'Spirit of reading came alive'

The Big Read inspires all-school initiative at academy

The Big Read inspires all-school initiative at academy

October 16, 2007|By JANET HEIM

HAGERSTOWN - It was a request that Mary Fortson was unsure about. Even after she committed to being photographed in costume as Calpurnia, the housekeeper of attorney Atticus Finch and his children in "To Kill a Mockingbird," Fortson had second thoughts about her involvement.

The photo shoot project was a partnership between students in Digital Communication and Cosmetology at Washington County Technical High School for The Big Read, a national reading initiative sponsored locally by the Community Foundation of Washington County.

Cosmetology instructor Marie Bikle chose local residents to portray the main characters of the book and searched for 1930s-era costumes. Senior cosmetology students did the hair and makeup for the models.

John Jones' digital communication students planned the shots to showcase each character, and photographed them one at a time.

Fortson's hair was styled with finger waves, and her clothing consisted of a house dress and apron. She held a Bible because Calpurnia had a deep faith.


Despite her hesitation, Fortson, a high school English teacher at Antietam Academy, followed through with her commitment. She said her involvement sparked a change in the students at her school, which provides an alternative learning environment for students who have discipline and attendance problems at their home schools.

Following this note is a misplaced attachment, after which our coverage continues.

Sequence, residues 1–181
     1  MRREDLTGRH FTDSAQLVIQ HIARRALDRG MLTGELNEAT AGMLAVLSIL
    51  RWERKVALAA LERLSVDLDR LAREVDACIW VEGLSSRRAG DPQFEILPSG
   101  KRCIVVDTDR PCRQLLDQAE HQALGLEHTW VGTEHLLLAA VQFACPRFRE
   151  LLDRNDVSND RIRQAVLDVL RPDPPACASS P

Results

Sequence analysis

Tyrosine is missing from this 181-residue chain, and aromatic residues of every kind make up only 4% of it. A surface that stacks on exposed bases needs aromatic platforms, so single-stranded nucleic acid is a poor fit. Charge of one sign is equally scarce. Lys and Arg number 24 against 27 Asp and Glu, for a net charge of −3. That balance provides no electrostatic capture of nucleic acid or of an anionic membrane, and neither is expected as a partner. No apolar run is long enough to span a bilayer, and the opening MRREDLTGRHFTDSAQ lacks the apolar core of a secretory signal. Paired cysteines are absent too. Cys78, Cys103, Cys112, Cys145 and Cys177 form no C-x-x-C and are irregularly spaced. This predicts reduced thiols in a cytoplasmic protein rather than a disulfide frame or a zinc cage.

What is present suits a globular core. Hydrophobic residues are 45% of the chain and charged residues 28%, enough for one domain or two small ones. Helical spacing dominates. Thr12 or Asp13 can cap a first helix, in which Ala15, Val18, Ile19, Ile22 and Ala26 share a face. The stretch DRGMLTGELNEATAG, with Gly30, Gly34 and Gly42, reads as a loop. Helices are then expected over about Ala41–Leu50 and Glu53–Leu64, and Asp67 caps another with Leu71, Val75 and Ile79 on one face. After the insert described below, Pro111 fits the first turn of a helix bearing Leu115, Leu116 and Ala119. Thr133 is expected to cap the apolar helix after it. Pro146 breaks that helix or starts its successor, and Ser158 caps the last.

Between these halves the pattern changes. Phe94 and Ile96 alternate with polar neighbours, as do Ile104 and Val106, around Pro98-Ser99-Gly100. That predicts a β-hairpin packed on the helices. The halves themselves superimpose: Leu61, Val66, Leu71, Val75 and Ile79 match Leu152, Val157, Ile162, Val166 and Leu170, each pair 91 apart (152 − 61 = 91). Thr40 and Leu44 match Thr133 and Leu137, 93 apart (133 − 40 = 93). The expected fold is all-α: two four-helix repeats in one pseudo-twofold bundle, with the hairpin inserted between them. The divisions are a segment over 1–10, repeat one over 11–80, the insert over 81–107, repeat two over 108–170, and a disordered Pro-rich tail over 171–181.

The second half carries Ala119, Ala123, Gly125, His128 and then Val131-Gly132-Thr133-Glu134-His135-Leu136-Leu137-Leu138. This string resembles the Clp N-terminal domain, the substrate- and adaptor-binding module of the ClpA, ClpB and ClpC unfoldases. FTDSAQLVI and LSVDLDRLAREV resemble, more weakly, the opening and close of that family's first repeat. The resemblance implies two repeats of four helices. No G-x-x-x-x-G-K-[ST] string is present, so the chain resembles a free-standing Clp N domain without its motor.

Fortson, 50, said after she was asked to participate, she and the other English teacher at Antietam Academy decided to have their students read "To Kill a Mockingbird." Before long, the faculty at the school agreed to have all the students read the book - the first time the school had participated in an all-school reading initiative.

"It was kind of interesting how the spirit of the book took over with us. The spirit of reading came alive because of this project," Fortson said.

Fortson said as everyone read the book, a connection developed between the students and faculty.

"There have been different reactions. Some are more aware of the time period. Some became angry. Some were saddened because things hadn't changed that much," Fortson said.

As she reread the book, she realized she and Calpurnia are more similar than different. Fortson said she strives to make a difference in the lives of her students, in much the same way Calpurnia made a difference in the lives of her charges, Scout and Jem Finch, and their friend, Dill Harris.

Fortson, whose hometown is Mount Union, Pa., moved to Hagerstown 10 years ago. She has three children and is raising her 7-year-old grandson.

"I'm a better person when I read. I need to read," Fortson said.

The Big Read finale

The character photographs will be displayed Sunday at The Big Read finale at Valley Mall. All artwork, performing art pieces, essays, photos and scenes created for The Big Read will be displayed in Center Court.

For more information about The Big Read and a schedule of local events, go to

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